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Firearm Regulations

Firearm Regulations

Utah generally prohibits carrying a concealed firearm without a concealed carry permit including an unloaded firearm on the person or a firearm that is readily accessible for immediate use which is not securely encased in a vehicle, unless the vehicle is in the person’s lawful possession or the person is carrying the loaded firearm with the consent of the person lawfully in possession of the vehicle. Utah also generally applies the same restrictions on carrying a loaded handgun in a vehicle without the consent of the individual who is lawfully in possession of the vehicle, except for concealed carry permit holders.

However, no person may possess a loaded long gun in any vehicle. Subject to limited exceptions, Utah law also generally prevents individuals from enforcing restrictions on individuals’ ability to transport or store a firearm in a vehicle on any property designated for motor vehicle parking, if:
• the individual is legally permitted to transport, possess, purchase, receive, transfer, or store the firearm;
• the firearm is locked securely in the motor vehicle or in a locked container attached to the motor vehicle while the motor vehicle is not occupied; and
• the firearm is not in plain view from the outside of the motor vehicle.4 This rule does not apply, however, to school premises, government entities, religious organizations, and certain residential units.

Utah Gun Laws

Utah is a shall-issue state. Permits are issued at the state level by the Department of Public Safety. There is no permit, background check or firearms registration required when buying a handgun from a private individual. Although the state has pre-emption, Salt Lake County has established a policy that background checks for private sales in the counties three event facilities (Salt Palace Convention Center, Mountain America Expo Center and Salt Lake County Equestrian Park).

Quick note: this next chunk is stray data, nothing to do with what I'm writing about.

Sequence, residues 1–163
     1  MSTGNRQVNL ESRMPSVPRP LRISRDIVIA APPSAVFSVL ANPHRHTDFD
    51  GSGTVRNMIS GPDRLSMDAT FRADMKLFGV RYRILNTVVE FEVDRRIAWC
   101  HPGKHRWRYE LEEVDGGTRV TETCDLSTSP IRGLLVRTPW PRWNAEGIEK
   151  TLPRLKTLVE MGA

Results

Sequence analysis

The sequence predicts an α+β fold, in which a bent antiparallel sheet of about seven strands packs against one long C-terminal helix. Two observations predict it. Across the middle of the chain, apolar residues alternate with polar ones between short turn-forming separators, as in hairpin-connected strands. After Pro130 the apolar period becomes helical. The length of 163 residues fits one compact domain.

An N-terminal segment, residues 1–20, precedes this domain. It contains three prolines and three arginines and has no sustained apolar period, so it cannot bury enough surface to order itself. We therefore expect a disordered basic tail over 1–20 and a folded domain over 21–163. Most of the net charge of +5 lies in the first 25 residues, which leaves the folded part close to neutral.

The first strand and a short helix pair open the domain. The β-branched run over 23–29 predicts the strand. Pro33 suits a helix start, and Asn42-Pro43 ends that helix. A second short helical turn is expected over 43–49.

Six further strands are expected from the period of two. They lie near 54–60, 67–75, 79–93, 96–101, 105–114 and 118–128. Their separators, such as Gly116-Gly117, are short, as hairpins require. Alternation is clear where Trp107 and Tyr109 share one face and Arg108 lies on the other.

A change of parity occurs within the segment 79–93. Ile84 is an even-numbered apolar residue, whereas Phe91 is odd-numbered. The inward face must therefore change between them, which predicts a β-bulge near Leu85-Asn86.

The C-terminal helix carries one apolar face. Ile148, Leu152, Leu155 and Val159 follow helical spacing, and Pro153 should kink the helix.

Open carry is legal in Utah if you have a concealed carry permit. The minimum age is 18 years old. Without a permit, you can only open carry a handgun if it is unloaded and at least two actions from being fired (e.g., rack the slide to chamber, then pull the trigger).

Concealed carry is legal with a license/permit. The minimum age is at least 21 years of age or 18 for a provisional permit. Utah Concealed Firearm Permits (CFP) are issued to residents and non-residents who meet the requirements. Some areas are off-limits, including courthouses and secured areas of airports. Concealed carry permits require a firearms familiarity course that has been certified by the Bureau of Criminal Investigation (BCI). In terms of reciprocity, Utah will honor all other state or county permits.

Utah is a Castle Doctrine state and has a “stands your ground” law. The person using deadly force in defense of personal or real property is presumed for the purpose of both civil and criminal cases to have acted reasonably and to have had a reasonable fear of imminent peril of death or serious bodily injury if the trespass or attempted trespass is unlawful and is made or attempted by use of force, or in a violent and tumultuous manner or for the purpose of committing a forcible felony. There is no duty to retreat if a person feels deadly force is justified to prevent a felony from being committed. The law applies in defense of real property or personal property at a person’s residence or any place where a person has a legal right to be.

Transporting Firearms and Ammunition

You may transport unloaded firearms in a locked hard-sided container as checked baggage only. Declare the firearm and/or ammunition to the airline when checking your bag at the ticket counter. The container must completely secure the firearm from being accessed. Locked cases that can be easily opened are not permitted. Be aware that the container the firearm was in when purchased may not adequately secure the firearm when it is transported in checked baggage.


• When travelling, comply with the laws concerning possession of firearms as they vary by local, state and international governments.

• If you are travelling internationally with a firearm in checked baggage, please check the Utah Customs and Border Protection website for information and requirements prior to travel.